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|Case Number:||Succession Cause E016 of 2021|
|Parties:||DRA v EM|
|Date Delivered:||29 Oct 2021|
|Court:||High Court at Nairobi (Milimani Law Courts)|
|Judge(s):||Maureen Akinyi Odero|
|Citation:||DRA v EM  eKLR|
|Case Outcome:||Application ordered|
|Disclaimer:||The information contained in the above segment is not part of the judicial opinion delivered by the Court. The metadata has been prepared by Kenya Law as a guide in understanding the subject of the judicial opinion. Kenya Law makes no warranties as to the comprehensiveness or accuracy of the information|
REPUBLIC OF KENYA
IN THE HIGH COURT OF KENYA AT NAIROBI
SUCCESSION CAUSE NO. E016 OF 2021
1. Before this court is the Chamber Summons dated 15th February 2021 by which DRA (hereinafter ‘the Applicant’) seeks the following orders: -
2. Leave be granted to the applicant to appeal against the interim orders issued by Hon R.O. Mbogo (Mr) Resident Magistrate on 19th January 2021.
3. The Memorandum of Appeal filed herein be deemed as properly on record.
4. Pending hearing and determination of the appeal, proceedings in Children’s court at Nairobi Children’s Case Number E061 of 2021. EM v DRA be stayed.
5. Pending the hearing and determination of appeal, the orders issued by Hon. R. Mbogo on 19th January be set aside, reviewed, varied or modified.
6. Cost of this application be borne by the respondent.”
2. The application was premised upon section 167 of the Children Act 2001, Rule 21 (Practice and Procedure Parental Responsibility) Regulations, 2002, sections 1A, 1B, 3A and 75 (i) of the Civil Procedure Act, Order 42 (b), 43 and 45 (i) of the Civil Procedure Rules, 2010 and was supported by the Affidavit of even date sworn by the Applicant.
3. The Respondent EM opposed the Application through her Replying Affidavit dated 28th June 2021. The application was canvased by way of written submissions. The Applicant filed the written submissions dated 29th July 2021 whilst the Defendant relied upon the written submission dated 27th July 2021.
4. The Respondent herein filed in the Nairobi Children Court Suit No. E061 of 2020 seeking various orders. On 19th January 2021, the learned trial magistrate Hon R.O. MBOGO made inter alia the following interim orders exparte: -
“1. THAT in the interim, pending hearing and determination if this application, the Defendant do pay school fees for the minor at her current school, [Particulars Withheld].
2. THAT pending hearing and determination of the application, the Director Immigration Services, Kenya is hereby ordered to restrain the Defendant who is an American citizen and holder of Kenyan Passport Number xxxx from leaving the Jurisdiction of this court.
3. THAT both parties to file their Affidavit of means”.
5. Being aggrieved by the orders granted by the trial court, the Applicant filed a Memorandum of Appeal dated 15th February 2021, which Memorandum raised five (5) Grounds of Appeal. Contemporaneously with that Memorandum of Appeal the Applicant filed the present application.
6. As stated earlier the Respondent opposed the application on the grounds that any stay and/or review of the interim orders made by the Children Court would mitigate against the best interest of the child.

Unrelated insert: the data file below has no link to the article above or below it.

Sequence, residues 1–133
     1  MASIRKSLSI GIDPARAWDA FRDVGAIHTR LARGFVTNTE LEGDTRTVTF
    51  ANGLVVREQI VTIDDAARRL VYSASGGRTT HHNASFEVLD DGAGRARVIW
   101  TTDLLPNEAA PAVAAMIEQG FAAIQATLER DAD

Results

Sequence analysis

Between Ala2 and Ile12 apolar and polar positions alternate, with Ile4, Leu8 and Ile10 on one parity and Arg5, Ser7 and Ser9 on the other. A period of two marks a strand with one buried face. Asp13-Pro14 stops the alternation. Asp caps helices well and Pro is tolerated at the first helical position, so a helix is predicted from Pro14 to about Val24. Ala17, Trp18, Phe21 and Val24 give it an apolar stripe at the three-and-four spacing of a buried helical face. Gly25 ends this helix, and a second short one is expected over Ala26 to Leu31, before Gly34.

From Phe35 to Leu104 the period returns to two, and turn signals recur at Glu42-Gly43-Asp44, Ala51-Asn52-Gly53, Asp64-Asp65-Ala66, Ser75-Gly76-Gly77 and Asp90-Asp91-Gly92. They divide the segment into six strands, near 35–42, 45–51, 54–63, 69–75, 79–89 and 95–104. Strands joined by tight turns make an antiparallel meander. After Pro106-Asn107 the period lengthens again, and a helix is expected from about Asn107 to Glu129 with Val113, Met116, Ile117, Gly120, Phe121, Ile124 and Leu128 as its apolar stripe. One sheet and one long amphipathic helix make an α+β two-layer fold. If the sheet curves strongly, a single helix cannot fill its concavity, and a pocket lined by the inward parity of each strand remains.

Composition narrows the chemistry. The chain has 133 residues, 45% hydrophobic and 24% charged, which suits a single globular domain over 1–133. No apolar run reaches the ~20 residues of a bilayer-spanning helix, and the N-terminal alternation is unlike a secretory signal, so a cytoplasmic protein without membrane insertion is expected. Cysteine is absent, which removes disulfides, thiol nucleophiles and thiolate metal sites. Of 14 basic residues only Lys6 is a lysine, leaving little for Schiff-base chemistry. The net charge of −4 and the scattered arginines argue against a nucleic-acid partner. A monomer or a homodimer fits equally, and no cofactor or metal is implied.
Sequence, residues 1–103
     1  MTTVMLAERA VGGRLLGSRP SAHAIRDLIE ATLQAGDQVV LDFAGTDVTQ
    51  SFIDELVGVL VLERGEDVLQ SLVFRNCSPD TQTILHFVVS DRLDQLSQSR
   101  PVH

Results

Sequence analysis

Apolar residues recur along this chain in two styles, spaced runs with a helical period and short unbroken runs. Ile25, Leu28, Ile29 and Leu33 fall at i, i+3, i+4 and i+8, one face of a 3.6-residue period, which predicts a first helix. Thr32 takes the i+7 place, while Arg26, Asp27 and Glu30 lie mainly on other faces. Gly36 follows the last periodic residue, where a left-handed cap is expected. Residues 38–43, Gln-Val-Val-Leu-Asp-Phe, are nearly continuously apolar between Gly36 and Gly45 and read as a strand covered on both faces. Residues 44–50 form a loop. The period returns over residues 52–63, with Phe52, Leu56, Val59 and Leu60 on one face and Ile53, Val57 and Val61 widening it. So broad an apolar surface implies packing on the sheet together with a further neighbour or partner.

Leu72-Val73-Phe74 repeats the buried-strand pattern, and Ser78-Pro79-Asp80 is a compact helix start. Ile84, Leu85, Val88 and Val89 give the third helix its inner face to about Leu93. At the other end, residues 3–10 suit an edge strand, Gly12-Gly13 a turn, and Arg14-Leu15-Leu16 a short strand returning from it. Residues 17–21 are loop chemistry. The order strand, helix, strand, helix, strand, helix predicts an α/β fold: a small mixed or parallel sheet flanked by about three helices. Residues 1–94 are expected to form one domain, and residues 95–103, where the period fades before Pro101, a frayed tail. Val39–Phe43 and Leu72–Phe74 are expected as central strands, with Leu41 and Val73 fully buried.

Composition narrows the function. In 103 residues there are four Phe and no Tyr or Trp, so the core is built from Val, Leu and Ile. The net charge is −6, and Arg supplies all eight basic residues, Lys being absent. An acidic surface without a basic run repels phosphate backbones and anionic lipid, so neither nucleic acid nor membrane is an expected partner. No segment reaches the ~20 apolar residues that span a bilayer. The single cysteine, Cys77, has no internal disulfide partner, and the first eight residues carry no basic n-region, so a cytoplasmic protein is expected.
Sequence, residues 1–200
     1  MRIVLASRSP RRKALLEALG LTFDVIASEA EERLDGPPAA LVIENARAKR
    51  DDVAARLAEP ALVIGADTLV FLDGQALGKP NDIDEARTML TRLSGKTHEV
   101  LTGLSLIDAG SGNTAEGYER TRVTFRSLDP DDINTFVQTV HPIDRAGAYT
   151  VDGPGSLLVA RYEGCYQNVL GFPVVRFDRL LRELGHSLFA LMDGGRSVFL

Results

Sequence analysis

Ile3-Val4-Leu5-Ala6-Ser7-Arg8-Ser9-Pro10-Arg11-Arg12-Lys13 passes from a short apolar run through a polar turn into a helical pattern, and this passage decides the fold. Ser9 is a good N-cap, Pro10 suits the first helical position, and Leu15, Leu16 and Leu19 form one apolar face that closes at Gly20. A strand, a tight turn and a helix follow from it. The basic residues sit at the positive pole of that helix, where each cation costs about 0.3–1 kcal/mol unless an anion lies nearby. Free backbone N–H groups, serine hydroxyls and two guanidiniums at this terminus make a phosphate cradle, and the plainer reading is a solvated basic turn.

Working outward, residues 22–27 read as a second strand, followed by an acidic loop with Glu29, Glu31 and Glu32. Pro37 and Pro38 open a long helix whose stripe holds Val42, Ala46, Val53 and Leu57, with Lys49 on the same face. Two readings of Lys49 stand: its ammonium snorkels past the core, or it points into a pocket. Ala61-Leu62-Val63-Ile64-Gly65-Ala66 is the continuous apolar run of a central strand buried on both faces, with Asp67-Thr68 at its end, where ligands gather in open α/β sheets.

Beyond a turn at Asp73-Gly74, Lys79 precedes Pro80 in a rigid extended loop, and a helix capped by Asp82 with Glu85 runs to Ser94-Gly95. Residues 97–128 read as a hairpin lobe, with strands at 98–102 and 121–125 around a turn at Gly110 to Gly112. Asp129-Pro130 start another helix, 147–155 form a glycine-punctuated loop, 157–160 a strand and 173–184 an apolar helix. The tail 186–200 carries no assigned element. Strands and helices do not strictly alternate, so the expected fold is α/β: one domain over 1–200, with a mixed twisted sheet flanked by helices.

ANALYSIS AND DETERMINAITON
7. I have considered the present application, the reply filed by the Respondent as well as the written submissions filed by both parties. The questions for determination are –
(i) Whether leave to appeal ought to be granted.
(ii) Whether the proceedings in the lower court should be stayed.
(iii) Whether the interim orders made by the trial court on 19th January 2021 should be reviewed and/or set aside.
LEAVE TO APPEAL
8. Order 41 Rule 6 which sets out the principles for stay of execution provides as follows: -
(1) No appeal or second appeal shall operate as a stay of execution or proceedings under a decree or order appealed from except in so far as the court appealed from may order but, the court appealed from may for sufficient cause order stay of execution of such decree or order, and whether the application for such stay shall have been granted or refused by the court appealed from, the court to which such appeal is preferred shall be at liberty, on application being made, to consider such application and to make such order thereon as may to it seem just, and any person aggrieved by an order of stay made by the court from whose decision the appeal is preferred may apply to the appellate court to have such order set aside.
(2) No order for stay of execution shall be made under subrule (1) unless—
(a) the court is satisfied that substantial loss may result to the applicant unless the order is made and that the application has been made without unreasonable delay; and
(b) such security as the court orders for the due performance of such decree or order as may ultimately be binding on him has been given by the applicant.
(c ) …….”
9. Therefore in order to merit the orders being sought the applicants must satisfy the court.
(i) That the application for stay was made without unreasonable delay.
(ii) That the Applicant stands to suffer substantial loss unless the stay order is granted.
(iii) That security for the performance of the decree or order has been given by the Applicants.
10. The applicant has sought leave to appeal against the Ruling by the trial court dated 19th January 2021. It is trite that any litigant who is aggrieved or dissatisfied by an order of the court has the right to appeal against said Ruling. The Ruling in question was delivered on 19th January 2021 whilst the application was filed on 15th February 2021, barely one month after the Ruling. Therefore, I am satisfied that this application was brought in a timeous manner. In the circumstances, this court grants to the Applicant leave to appeal against said Ruling and further directs that the Memorandum of Appeal dated 15th February 2021be deemed as property filed.